Note to BoJ: Try Something Different or Look Perpetually Foolish
Mike Mish Shedlock
This story comes from ZeroHedge who reports BoJ Offers To Buy Unlimited Debt, Boosts POMO In Panic Response To Surging Rates.
ZeroHedge notes the offer drove down yields by all of 0.05 percentage points.
The line in the sand is clearly 0.11% and that line has not changed for months.
On July 10, 2017, the Financial Times reported "central bank drawing line in the sand for 10-year benchmark."
The feature image is not from today. It's from July 10, 2017.
What's the Message?
- That Japan cannot take interest rates higher that 0.11%?
- That 1 basis point on 10-year bonds matters?
- That Japan cannot destroy it's currency after years of trying?
- All of the above?
I Can Help!
Japan should stop mickey mousing around and buy all of the bonds. However, there may be reluctant sellers. After all, 0.11% for 10 years must be extremely attractive.
To make 0.11% less attractive, all Japan has to do is tax bondholders 1%. Bondholders would dump their bonds immediately, if not sooner, and the Bank of Japan would own 100% of them within a day.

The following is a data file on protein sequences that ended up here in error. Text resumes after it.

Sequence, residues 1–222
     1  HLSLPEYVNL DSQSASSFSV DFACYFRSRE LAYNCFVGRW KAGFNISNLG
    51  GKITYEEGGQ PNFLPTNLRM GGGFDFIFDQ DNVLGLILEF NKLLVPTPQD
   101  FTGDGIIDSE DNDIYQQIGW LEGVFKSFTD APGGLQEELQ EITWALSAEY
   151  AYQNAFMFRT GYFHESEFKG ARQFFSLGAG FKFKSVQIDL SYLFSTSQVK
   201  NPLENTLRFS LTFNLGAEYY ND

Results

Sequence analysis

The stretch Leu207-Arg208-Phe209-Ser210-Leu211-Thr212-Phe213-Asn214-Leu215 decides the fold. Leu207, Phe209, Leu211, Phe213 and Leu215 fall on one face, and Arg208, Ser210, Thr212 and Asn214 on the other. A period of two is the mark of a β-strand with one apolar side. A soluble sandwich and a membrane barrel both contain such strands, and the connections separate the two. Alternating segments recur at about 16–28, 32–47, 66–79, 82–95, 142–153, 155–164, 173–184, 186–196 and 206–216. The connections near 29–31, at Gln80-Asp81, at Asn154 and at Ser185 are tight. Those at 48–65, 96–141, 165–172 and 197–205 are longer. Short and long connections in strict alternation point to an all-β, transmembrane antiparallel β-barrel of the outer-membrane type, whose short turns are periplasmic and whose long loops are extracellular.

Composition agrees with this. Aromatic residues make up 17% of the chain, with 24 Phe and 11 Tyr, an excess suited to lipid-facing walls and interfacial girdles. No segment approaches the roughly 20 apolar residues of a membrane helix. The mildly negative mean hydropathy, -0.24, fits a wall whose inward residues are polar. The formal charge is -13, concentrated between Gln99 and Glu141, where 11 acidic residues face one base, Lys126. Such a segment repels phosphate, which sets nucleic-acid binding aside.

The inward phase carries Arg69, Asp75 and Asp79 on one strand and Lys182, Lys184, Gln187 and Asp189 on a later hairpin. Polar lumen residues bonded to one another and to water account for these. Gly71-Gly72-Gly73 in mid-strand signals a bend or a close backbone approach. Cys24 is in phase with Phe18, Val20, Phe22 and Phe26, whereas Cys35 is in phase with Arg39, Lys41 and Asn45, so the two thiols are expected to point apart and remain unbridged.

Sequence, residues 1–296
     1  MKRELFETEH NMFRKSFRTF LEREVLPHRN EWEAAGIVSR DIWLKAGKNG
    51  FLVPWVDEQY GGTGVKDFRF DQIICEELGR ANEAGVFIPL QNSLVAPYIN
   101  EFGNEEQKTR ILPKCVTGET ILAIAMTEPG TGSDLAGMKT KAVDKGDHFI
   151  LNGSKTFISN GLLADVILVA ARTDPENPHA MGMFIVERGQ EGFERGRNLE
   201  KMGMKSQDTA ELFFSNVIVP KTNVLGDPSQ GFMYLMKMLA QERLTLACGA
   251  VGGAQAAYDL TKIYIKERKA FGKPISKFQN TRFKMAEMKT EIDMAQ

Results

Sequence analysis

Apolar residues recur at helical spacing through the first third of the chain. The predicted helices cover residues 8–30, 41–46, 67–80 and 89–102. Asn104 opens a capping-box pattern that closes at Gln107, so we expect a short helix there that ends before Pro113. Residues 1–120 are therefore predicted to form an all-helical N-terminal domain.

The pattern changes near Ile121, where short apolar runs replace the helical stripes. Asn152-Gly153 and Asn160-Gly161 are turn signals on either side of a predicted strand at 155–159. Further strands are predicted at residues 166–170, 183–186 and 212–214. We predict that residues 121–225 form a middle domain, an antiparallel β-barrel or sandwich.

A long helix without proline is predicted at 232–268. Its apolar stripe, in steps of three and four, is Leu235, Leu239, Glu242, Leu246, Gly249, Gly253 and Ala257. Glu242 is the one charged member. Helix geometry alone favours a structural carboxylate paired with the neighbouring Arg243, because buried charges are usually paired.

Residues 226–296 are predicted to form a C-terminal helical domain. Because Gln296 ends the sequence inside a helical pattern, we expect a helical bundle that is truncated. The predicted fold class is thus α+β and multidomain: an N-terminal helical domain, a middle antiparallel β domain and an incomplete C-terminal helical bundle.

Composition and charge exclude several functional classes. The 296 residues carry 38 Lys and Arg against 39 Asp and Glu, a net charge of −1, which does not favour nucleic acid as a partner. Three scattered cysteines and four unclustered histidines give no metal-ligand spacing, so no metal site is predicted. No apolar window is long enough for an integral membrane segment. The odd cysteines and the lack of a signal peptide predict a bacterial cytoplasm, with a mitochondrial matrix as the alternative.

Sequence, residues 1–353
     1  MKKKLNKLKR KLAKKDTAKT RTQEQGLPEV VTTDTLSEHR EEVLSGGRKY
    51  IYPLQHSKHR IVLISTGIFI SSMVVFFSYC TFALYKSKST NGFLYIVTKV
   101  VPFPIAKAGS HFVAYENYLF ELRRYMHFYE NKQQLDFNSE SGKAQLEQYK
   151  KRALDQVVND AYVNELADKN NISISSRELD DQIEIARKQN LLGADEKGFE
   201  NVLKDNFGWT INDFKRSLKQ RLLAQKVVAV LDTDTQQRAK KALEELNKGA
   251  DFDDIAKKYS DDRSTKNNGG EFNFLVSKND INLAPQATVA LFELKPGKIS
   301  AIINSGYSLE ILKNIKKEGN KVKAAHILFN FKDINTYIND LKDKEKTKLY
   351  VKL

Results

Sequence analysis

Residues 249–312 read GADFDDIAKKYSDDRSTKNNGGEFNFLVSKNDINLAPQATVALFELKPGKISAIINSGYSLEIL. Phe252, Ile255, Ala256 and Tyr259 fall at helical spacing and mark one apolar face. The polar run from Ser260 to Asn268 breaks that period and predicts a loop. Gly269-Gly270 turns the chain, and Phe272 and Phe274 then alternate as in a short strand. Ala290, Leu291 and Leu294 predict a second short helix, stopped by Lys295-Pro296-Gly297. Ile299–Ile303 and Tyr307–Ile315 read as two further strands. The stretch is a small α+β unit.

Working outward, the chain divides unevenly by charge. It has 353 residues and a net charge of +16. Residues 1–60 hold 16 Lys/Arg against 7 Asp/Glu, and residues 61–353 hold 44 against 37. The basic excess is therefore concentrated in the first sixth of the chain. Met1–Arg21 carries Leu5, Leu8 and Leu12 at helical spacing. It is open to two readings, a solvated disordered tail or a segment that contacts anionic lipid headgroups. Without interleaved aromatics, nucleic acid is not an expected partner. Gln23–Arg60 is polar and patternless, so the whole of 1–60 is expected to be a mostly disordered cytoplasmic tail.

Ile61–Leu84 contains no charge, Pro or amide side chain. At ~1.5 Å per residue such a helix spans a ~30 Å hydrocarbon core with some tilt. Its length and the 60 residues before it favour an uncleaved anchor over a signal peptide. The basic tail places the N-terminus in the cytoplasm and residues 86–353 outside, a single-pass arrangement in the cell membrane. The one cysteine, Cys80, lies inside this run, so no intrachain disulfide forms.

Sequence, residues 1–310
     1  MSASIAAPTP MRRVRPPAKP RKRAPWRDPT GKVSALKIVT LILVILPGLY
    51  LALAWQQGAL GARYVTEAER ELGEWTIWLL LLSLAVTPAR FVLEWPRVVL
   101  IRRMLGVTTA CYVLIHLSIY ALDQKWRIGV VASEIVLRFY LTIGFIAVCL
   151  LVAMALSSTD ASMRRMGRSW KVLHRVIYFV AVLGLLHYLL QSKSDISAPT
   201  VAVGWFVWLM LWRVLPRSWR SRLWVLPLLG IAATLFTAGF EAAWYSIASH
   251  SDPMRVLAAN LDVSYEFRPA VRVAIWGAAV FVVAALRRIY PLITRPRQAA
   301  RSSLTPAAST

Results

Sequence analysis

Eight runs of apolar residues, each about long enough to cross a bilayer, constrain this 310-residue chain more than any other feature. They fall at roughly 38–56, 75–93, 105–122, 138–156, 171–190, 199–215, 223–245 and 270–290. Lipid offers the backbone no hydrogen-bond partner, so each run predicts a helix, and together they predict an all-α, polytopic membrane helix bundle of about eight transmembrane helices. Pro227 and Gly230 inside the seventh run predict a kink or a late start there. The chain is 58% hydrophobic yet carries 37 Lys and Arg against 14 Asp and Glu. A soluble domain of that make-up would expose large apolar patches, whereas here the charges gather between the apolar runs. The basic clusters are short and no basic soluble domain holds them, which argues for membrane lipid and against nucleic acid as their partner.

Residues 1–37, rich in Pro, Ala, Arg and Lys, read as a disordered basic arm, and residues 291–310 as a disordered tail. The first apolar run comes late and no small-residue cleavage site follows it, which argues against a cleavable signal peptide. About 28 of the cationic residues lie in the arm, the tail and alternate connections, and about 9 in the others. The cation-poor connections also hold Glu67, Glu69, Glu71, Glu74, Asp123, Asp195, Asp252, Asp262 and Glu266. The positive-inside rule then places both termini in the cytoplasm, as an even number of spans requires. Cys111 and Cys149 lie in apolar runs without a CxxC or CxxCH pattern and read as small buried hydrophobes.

My proposal is not new. I suggested the same thing on April 22, 2016, in Mish’s Sure Fire Proposal to End Japanese Deflation: Negative Sales Taxes, 1% Monthly Tax.
Mish’s Four Pronged Proposal to End Japanese Deflation
- Negative Sales Taxes
- One Percent Tax, Per Month, on Government Bonds
- National Tax Free Lottery
Please click on the above link for further details.
My price for this amazing plan is $0. It’s free for the taking.
Yet, zero seems woefully inadequate for such a brilliant plan that is absolutely guaranteed to work, especially when Japan has tried and failed for decades to produce inflation.
Thus, if offered, I will graciously accept $1,000,000 for each one-tenth of one percent rise in Japanese inflation if Japan simply follows my plan.
Today, I add pertinent MMT thoughts.
After the BOJ corners 100% of the bond market, it can cancel the public debt declaring it null and void. After all, the BOJ would truly owe the money to itself.
Next, Japan could hand out enough free money so that all private and corporate debt is cancelled as well.
This would be an excellent test of the MMT theories "we owe it to ourselves" and government spending does not matter.
What could possibly go wrong?
Mike “Mish” Shedlock